Guest column

Expert: Texas leaders need to expedite long-term energy solutions

"Texas is an energy leader and no one wants to see that change." Photo via Getty Images

Soaring temperatures have arrived, and while Texans should be enjoying the return to normalcy, instead they're facing another energy crisis.

Many saw February's winter storm and severe power outages as a once-in-a-century problem, but these unusual events are becoming all too commonplace, despite the governor's directive to improve grid reliability. Last month, Texans were again being asked to conserve energy while lawmakers considered a slew of new regulations, some of which would cripple investments in renewable energy.

For three months following the storm, the Texas legislature debated how to prevent another energy crisis. We applaud our elected officials for resisting political pressure to wrongly blame and punish renewable energy, and we want to encourage them to continue with this forward-thinking strategy.

Texas is an energy leader and no one wants to see that change. We urge our representatives in Austin to take a comprehensive view of what went wrong during the winter storm and ensure that any new rules and regulations work in support of, and not against, the energy market as a whole.

Texas needs a long term, comprehensive plan – not just for preventing blackouts, but for a more sustainable state.

Hot weather in Texas is a given, but we're anticipating temperatures will continue to rise. A climatologist at Texas A&M University recently predicted that the state will see the number of 100-degree days double by 2036. Rather than take a step back, we need to move forward and prioritize renewable energy as well as other investments in sustainability to future-proof our state and our planet.

Prioritizing green energy will have a ripple effect on Texas' economy. As the country's leader in wind-generated electricity, Texas has already reaped the benefit of creating thousands of new jobs for the state. In 2019, it was reported that Texas had over 230,000 clean energy jobs. If our state leaders are committed to job creation, we want to see how they're supporting clean energy, as well as continuing to work on maintaining the grid in an effective, efficient way.

The energy market is complex and dynamic, but it’s a key player in our road to a sustainable future. 

Continuing to invest in renewable energy is one simple step our lawmakers can make to ensure our energy market is addressing the climate crisis — and that Texans aren't dependent on generators and gas-fired power plants which let the state down during Winter Storm Uri. This should be a priority. In a recent survey of 1,000 adults by OnePoll in May 2021 commissioned by Bulb, 74 percent of respondents stated Texas should continue to develop and invest in renewable energy and over half of respondents expressed that investing in more green, clean renewable energy is the most important environmental issue that needs to be addressed.

As we come out of the pandemic, we have a chance to do better, together.

Texas has had over $60 billion in renewable energy investment to provide low-cost electricity generation. And with the growing technology sector across the state, there'll be more opportunities for renewables in the future. Continuing to promote policies that pushed Texas to its leadership position will unleash even more investments and innovation, which is good for Texas, good for Texans and good for the planet.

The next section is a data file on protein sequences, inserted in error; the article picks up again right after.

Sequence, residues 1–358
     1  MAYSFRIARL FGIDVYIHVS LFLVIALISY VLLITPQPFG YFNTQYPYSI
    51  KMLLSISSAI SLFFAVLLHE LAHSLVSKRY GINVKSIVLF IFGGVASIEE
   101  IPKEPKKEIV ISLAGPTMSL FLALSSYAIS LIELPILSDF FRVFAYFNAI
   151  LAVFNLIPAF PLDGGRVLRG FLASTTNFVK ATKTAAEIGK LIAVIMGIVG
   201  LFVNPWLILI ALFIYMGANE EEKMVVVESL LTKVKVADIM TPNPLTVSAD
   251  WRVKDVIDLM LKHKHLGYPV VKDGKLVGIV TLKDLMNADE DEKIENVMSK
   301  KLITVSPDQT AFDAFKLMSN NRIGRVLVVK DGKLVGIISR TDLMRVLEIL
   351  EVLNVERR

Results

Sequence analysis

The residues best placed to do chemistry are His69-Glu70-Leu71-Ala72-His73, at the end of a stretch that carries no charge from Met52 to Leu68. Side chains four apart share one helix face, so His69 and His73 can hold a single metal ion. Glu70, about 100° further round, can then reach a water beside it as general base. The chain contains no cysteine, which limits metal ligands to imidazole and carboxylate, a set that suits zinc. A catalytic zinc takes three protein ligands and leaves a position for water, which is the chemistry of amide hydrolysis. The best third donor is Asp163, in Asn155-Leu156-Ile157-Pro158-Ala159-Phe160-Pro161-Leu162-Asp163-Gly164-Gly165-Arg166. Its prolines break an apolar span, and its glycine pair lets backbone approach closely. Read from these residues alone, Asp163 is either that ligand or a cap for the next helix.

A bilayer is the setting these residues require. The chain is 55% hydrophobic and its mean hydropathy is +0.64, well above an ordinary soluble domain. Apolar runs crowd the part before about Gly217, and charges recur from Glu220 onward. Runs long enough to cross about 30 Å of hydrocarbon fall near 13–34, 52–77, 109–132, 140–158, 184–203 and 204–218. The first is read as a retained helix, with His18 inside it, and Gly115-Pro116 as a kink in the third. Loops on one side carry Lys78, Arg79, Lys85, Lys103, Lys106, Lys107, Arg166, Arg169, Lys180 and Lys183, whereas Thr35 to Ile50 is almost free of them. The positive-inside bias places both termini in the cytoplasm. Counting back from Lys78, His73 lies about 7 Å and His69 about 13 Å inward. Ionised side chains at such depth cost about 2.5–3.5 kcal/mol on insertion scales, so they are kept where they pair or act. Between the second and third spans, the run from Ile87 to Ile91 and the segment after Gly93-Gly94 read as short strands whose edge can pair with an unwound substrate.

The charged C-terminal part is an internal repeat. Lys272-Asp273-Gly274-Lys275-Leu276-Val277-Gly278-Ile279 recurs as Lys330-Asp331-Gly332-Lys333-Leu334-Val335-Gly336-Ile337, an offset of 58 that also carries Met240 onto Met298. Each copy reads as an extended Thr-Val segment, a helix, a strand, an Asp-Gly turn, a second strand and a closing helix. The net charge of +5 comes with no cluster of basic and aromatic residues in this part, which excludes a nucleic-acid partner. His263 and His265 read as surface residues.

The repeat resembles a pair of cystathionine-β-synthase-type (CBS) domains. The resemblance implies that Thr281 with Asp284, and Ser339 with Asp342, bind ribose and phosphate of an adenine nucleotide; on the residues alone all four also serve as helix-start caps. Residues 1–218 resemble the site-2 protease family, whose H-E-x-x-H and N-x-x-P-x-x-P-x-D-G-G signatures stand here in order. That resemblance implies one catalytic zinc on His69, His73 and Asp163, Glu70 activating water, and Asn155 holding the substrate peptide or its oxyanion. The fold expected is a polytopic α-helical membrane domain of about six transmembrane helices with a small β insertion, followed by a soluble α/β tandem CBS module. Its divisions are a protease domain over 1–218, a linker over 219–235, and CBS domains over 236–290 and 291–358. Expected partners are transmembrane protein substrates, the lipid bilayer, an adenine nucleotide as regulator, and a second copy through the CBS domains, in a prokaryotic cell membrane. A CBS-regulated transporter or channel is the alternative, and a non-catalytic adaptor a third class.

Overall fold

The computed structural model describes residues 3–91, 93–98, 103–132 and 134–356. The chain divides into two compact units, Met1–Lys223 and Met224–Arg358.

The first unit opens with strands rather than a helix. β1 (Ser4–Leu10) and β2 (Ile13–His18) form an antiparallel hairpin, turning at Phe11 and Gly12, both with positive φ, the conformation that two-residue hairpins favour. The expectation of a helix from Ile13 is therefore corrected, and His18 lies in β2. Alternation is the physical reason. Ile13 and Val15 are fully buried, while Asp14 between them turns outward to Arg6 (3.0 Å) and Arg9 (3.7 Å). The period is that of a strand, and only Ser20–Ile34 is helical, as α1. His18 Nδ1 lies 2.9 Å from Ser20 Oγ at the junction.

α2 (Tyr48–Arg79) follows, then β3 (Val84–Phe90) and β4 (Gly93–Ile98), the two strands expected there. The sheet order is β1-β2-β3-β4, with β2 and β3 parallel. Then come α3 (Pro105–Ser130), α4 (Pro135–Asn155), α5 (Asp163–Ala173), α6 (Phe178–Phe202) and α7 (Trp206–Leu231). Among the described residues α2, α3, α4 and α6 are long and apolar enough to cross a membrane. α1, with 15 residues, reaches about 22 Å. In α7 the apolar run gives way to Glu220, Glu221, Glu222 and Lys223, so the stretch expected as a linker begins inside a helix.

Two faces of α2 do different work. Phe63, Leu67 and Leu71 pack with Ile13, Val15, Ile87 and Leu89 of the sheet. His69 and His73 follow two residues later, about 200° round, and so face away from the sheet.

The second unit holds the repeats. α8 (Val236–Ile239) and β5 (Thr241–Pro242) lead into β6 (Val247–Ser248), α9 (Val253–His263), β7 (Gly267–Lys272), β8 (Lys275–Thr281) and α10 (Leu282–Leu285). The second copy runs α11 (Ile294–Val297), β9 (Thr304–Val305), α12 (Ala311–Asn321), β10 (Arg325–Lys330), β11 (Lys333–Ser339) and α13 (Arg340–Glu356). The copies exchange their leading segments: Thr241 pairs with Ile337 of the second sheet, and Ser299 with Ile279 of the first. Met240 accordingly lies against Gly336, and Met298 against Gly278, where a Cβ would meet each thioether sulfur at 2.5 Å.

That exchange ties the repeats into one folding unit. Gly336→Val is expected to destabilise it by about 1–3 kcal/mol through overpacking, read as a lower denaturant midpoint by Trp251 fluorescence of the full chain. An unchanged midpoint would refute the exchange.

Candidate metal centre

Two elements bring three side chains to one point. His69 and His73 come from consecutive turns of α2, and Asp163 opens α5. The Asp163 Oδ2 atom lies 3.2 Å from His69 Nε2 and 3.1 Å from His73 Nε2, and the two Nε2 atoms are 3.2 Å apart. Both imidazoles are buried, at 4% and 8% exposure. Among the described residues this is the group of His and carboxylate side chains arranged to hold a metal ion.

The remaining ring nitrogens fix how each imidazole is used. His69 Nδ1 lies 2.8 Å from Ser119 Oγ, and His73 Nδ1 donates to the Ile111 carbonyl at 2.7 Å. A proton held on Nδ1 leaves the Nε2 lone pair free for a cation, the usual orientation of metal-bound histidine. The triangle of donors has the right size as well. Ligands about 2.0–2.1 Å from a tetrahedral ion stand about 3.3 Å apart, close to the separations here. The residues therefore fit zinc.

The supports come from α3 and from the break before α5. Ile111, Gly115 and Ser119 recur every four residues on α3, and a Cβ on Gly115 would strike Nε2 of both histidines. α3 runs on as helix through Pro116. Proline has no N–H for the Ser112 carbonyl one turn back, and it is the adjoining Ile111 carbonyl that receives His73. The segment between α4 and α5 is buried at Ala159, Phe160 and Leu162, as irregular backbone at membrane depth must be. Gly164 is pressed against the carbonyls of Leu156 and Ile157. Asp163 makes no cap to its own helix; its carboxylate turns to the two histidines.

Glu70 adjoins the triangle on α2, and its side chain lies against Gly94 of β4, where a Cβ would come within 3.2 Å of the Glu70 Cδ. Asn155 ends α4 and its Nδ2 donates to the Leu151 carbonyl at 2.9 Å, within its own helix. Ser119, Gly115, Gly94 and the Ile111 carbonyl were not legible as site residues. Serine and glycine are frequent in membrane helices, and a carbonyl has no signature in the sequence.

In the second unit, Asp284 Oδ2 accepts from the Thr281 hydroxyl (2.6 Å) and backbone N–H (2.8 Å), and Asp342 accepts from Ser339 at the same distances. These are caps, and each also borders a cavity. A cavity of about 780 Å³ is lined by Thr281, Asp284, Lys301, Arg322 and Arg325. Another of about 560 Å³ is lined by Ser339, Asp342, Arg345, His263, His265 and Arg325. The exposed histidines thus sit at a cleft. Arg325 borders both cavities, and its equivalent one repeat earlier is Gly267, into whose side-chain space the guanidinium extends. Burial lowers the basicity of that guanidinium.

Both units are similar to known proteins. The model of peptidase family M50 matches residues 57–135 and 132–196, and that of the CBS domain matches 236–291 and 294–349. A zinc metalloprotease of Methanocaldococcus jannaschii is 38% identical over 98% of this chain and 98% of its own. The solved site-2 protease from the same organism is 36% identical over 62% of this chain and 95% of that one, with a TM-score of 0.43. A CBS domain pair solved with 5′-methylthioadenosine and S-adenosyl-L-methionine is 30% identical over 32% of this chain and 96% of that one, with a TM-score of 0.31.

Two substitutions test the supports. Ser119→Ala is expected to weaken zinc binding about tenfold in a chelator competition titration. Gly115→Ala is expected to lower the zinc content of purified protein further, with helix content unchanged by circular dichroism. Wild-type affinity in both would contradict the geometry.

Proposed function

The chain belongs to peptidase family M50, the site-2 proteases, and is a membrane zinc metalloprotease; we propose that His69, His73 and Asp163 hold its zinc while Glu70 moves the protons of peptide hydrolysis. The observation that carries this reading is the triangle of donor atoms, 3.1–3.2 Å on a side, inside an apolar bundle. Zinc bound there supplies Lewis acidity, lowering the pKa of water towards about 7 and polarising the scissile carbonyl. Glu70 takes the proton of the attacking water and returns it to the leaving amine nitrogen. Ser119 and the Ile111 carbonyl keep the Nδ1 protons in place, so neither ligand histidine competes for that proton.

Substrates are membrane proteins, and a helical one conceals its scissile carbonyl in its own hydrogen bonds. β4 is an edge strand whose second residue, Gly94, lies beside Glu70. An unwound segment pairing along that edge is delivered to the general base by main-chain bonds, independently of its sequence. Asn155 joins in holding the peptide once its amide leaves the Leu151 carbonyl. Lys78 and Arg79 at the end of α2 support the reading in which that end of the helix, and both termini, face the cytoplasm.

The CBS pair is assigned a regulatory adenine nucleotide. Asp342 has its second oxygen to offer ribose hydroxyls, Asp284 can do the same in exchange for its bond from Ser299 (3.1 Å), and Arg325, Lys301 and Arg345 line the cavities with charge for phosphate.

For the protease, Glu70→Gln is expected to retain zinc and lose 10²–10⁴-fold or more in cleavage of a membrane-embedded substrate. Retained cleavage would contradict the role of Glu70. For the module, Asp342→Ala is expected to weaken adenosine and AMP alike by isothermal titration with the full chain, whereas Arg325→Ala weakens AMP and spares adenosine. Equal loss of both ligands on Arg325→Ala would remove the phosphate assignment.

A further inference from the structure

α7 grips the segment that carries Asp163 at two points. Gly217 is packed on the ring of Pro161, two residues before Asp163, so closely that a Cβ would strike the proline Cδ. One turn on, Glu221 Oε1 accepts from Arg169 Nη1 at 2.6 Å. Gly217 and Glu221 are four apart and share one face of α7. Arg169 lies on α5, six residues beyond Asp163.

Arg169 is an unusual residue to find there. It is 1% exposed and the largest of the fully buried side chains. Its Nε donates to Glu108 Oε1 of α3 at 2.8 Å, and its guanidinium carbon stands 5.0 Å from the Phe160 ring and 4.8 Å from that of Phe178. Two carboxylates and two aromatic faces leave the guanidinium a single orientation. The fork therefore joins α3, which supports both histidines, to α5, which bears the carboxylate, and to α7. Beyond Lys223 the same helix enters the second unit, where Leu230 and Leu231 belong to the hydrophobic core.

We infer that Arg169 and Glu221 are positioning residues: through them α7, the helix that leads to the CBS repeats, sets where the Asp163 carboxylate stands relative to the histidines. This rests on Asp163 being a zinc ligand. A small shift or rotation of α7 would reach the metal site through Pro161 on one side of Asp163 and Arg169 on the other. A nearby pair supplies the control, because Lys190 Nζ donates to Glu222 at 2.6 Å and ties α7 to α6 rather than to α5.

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Vinnie Campo is the general manager for Bulb U.S., a new type of energy company that aims to make energy simpler, cheaper, and greener by providing renewable electricity to its members from Texas wind and solar. He is based in Texas.

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Building Houston

 
 

Houston-based SynMax has closed its first round of funding. Photo via Getty Images

A Houston-based satellite data analytics company is celebrating an oversubscribed round of recent funding.

SynMax announced this week that it closed its seed round at $6 million with an oversubscription of $2 million. The startup is providing geospatial intelligence software as a service to customers within the energy and maritime industries. The technology combines earth observation imagery and key data sources for predictive analytics and artificial intelligence.

The company reports that all of the investment came from SynMax customers. The round was led by Houston-based Skylar Capital, an investment management firm focused on the natural gas market.

“I am very excited about SynMax and the problems they are solving," says Bill Perkins, founder and managing partner of Skylar Capital, in a news release. "Their dedicated and skilled team has taken a unique approach and made the products that SynMax create 'essential intelligence' in both the energy and maritime awareness domains.”

According to the release, the fresh funding will go toward expanding SynMax's team "to continue building its suite of energy products and advance development of its maritime domain awareness product."

Launched in May, the SynMax Energy product suite uses SynMax’s AI to provide the accurate and timely energy intelligence. SynMax Maritime is launching Theia — a maritime domain awareness platform — in early 2023.

Founded in 2021, SynMax is led by CTO Eric Anderson, who previously worked as an analyst at Skylar Capital, according to LinkedIn. Headquartered in Houston, SynMax is hiring employees from all over.

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